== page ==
pollutants but faces challenges in achieving nitrogen dioxide limits


including 16 other European union states. We have committed ?290


million in the Autumn Statement to support green transport. We should


all recognise that air quality is improving but we recognise we must


go further and faster and we will support a new programme in April. I


thanked her for her answer but I think she is aware of the rail


scheme which would take 5 million lorries off of the roads each year,


lowering emissions. With Felixstowe in my constituency, I am fully aware


of the advantages of rail freight. I would stress to the honourable


gentleman that the departments of Defra works closely with others and


shifting freight onto rail is a key part of any future strategy. You are


aware of the controversial cruise liner terminal at and wharf in


Greenwich. With the impact of that in mind, can she tell us when the


Government expects to publish a review into shorter shift power? The


honourable gentleman will be aware that an environmental impact


assessment was considered when looking at that planning application


but, as he will be aware also, the Minister for transport is committed


to looking further at what can be done and I'm sure he's making


progress on that. Does the Minister agree that British businesses have


made great strides in recent years in producing technologies which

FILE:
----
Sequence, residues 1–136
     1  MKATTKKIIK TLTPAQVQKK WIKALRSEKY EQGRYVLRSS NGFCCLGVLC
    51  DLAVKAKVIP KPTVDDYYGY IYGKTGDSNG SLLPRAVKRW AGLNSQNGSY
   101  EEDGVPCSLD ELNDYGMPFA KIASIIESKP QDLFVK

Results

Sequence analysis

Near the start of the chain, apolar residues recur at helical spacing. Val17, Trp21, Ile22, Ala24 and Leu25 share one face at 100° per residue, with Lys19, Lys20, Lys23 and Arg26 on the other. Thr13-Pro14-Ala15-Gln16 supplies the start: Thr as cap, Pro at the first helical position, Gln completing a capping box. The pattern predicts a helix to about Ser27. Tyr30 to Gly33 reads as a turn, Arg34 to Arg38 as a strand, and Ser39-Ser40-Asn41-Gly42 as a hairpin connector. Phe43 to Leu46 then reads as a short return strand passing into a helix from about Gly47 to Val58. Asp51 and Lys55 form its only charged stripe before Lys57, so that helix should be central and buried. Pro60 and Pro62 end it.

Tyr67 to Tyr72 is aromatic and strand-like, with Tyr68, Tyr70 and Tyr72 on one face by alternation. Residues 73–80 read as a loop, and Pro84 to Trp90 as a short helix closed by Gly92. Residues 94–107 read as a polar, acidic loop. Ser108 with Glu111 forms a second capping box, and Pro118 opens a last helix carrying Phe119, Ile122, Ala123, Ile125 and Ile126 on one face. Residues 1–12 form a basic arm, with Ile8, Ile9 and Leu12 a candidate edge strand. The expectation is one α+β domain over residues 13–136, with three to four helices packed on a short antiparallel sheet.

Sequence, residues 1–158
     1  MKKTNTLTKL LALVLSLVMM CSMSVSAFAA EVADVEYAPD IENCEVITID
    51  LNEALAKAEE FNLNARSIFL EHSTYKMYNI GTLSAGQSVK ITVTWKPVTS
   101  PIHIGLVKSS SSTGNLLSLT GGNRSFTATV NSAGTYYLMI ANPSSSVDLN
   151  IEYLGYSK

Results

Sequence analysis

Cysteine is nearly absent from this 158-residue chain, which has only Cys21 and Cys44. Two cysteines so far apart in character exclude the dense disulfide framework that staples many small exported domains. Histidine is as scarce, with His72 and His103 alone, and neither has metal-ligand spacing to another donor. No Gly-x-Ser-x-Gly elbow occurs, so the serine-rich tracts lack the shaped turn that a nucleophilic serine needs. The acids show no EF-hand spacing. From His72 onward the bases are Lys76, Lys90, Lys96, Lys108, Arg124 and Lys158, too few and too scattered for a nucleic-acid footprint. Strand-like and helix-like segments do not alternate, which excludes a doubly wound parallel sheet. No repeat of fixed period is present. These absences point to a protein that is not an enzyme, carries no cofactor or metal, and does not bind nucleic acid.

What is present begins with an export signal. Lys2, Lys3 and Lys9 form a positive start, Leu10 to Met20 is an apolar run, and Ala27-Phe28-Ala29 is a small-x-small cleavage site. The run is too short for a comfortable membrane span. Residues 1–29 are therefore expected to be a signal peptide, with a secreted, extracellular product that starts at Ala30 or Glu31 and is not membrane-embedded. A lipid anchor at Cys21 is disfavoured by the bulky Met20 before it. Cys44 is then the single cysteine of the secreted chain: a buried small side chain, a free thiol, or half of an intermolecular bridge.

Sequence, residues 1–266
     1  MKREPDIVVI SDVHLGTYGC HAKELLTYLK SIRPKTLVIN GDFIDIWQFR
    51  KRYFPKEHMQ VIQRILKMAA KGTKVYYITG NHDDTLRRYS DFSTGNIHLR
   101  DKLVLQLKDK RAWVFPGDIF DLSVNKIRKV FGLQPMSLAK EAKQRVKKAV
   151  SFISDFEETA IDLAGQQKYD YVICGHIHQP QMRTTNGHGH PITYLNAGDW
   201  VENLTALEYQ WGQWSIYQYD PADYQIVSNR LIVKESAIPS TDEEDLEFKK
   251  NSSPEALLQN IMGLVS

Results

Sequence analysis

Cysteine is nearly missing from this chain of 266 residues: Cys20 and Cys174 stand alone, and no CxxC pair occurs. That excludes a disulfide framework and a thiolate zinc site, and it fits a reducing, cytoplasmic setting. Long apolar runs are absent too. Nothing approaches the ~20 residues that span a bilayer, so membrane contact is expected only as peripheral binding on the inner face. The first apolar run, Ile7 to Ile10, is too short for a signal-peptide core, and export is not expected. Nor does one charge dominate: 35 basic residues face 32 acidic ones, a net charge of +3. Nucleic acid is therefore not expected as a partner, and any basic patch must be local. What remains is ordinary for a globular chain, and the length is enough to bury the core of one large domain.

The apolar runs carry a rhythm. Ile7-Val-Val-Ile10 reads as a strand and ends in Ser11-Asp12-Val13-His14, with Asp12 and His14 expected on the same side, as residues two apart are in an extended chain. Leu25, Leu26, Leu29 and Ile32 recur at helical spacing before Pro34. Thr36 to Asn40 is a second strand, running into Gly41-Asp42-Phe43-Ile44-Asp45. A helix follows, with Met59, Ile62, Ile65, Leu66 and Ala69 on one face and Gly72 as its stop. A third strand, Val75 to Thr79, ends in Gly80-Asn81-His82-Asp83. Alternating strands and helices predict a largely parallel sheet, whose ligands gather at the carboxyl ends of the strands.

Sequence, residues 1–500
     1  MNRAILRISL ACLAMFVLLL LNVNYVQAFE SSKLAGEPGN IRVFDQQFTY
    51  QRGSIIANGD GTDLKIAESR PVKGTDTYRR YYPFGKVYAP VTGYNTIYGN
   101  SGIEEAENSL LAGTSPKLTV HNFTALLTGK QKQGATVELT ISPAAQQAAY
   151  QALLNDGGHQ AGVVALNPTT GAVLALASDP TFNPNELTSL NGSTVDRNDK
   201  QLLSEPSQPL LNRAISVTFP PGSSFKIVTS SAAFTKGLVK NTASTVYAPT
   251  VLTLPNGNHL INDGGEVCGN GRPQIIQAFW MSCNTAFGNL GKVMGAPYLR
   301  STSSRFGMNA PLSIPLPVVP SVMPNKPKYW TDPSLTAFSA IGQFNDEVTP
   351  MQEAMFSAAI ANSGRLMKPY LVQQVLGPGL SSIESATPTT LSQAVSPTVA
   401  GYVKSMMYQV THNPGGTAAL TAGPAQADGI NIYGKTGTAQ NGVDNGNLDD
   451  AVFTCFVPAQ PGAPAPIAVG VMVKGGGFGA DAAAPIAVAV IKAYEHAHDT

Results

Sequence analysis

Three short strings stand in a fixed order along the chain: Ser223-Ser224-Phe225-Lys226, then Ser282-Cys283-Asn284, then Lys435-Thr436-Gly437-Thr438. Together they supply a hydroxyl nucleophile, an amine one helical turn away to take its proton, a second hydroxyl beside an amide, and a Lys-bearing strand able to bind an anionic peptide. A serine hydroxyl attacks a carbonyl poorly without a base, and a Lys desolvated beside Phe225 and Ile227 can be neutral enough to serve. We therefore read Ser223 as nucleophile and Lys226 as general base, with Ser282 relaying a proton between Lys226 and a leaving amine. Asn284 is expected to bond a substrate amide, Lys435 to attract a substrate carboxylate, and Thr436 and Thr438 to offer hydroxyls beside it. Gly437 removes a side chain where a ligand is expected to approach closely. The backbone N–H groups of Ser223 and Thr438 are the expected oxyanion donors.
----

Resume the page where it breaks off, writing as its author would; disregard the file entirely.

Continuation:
enable us to improve air quality, such as the taxis that now run in


Birmingham on LPG and the adaptation of buses that have significantly


cleaned up the air on Oxford Street? I agree with my right honourable


friend and her vast experience in this area is added to by her local


knowledge of the city of Birmingham and support going on there. I can


say that this Government made substantial chasuble settlement with


the previous mayor and I do know that air pollution has continued on


Oxford Street in the last year, so -- specifically with the grants that


were provided. Areas of corn will suffer with high pollution because


of the 839 running through the high street. And my honourable friend


congratulate the town council for the work they have done to improve


their air pollution. I have made it clear before that national


Government and local Government both have a role to play in tackling such


things and we will continue to work with my right honourable friend on


this matter. The College of physicians have stated that air


pollution contributes to approximately 40,000 deaths in the


UK every year and that these emissions have been poorly


regulated. What progress is the Government making in that field? Mr


Speaker, we have seen this nitrous oxide levels falling. I recognise


not quickly enough. The Labour Government signed us up to achieve


this by 2010 and failed spectacularly. We will continue to


strive for this. Does my honourable friend agree that one of the ways to


make real progress on air quality is to forge ahead with ultralow


emission vehicles and given that Norway now has 25% of the cars on


its road either electric or hybrid, does she agree that we need a real


turbo-charge bees to get ahead in this area? My honourable friend is


absolutely right. The low emission vehicle industry is a competitive